The doctor must now spend a week in a detention centre while prosecutors continue interviewing witnesses as a part of the investigation.
Additional interrogations are expected to take place with the attending nurses who worked with the doctor on September 20th last year, the date the doctor is suspected of having ended the life of the newborn to save it from further suffering.
According to unconfirmed reports published in newspaper Aftonbladet, the baby girl had suffered brain damage during a previous hospital visit.
According to the head of the Solna District Court, a autopsy report is at the heart of the criminal suspicions.
The report shows that the infant had received an exceedingly high dose of sodium thiopental and morphine.
“It’s most likely that the doctor delivered the high dose,” said chief judge Lars Lindström.
If prosecutors decide to bring formal charges, they are to be filed by 11am on March 13th at the latest, at which time the doctor’s detention will be reviewed.
According to Sweden’s criminal code, manslaughter entails a “premeditated death” but isn’t considered a murder because it is “less serious” or can be seen as less serious because of “the circumstances which led up to the deed”.
Manslaughter carries a penalty of between six and ten years in prison.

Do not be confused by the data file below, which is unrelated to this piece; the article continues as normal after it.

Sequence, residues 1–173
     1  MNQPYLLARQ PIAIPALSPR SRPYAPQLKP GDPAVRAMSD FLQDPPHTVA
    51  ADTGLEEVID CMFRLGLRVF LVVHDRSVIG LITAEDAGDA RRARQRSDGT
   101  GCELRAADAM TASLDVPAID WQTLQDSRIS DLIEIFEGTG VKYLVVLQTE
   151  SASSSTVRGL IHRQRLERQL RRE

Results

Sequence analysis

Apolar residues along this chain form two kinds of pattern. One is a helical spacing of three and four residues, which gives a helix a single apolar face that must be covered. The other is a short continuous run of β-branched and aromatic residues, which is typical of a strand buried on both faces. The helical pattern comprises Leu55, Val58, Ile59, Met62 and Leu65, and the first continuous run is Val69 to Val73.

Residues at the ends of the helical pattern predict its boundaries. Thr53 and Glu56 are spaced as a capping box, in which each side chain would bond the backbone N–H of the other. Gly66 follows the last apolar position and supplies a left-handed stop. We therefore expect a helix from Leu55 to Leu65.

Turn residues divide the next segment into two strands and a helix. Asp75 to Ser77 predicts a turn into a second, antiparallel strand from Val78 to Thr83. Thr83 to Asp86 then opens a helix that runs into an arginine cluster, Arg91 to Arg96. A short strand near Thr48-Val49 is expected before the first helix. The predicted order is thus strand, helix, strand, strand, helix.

Prior to the remand order, the doctor’s attorney, Björn Hurtig, had rejected the notion that his client should be detained upon hearing of the prosecutor’s request.
“We dispute it outright,” he said.
The doctor denies that there is probable cause to suspect that any crime has been committed whatsoever, let alone that it was she who committed it.
She claims, according to her attorney, that the suffering she’ll endure while in detention outweighs the prosecutor’s reasons for wanting to have her deprived of her liberty.
The public and the media were barred from entering the courtroom during until the remand hearing was over and the court had made its decision.
The suspected doctor, a paediatrician at Astrid Lindgren’s Children’s Hospital, hid under a dark green jacket, which she pulled up high over her head as she entered the hearing room.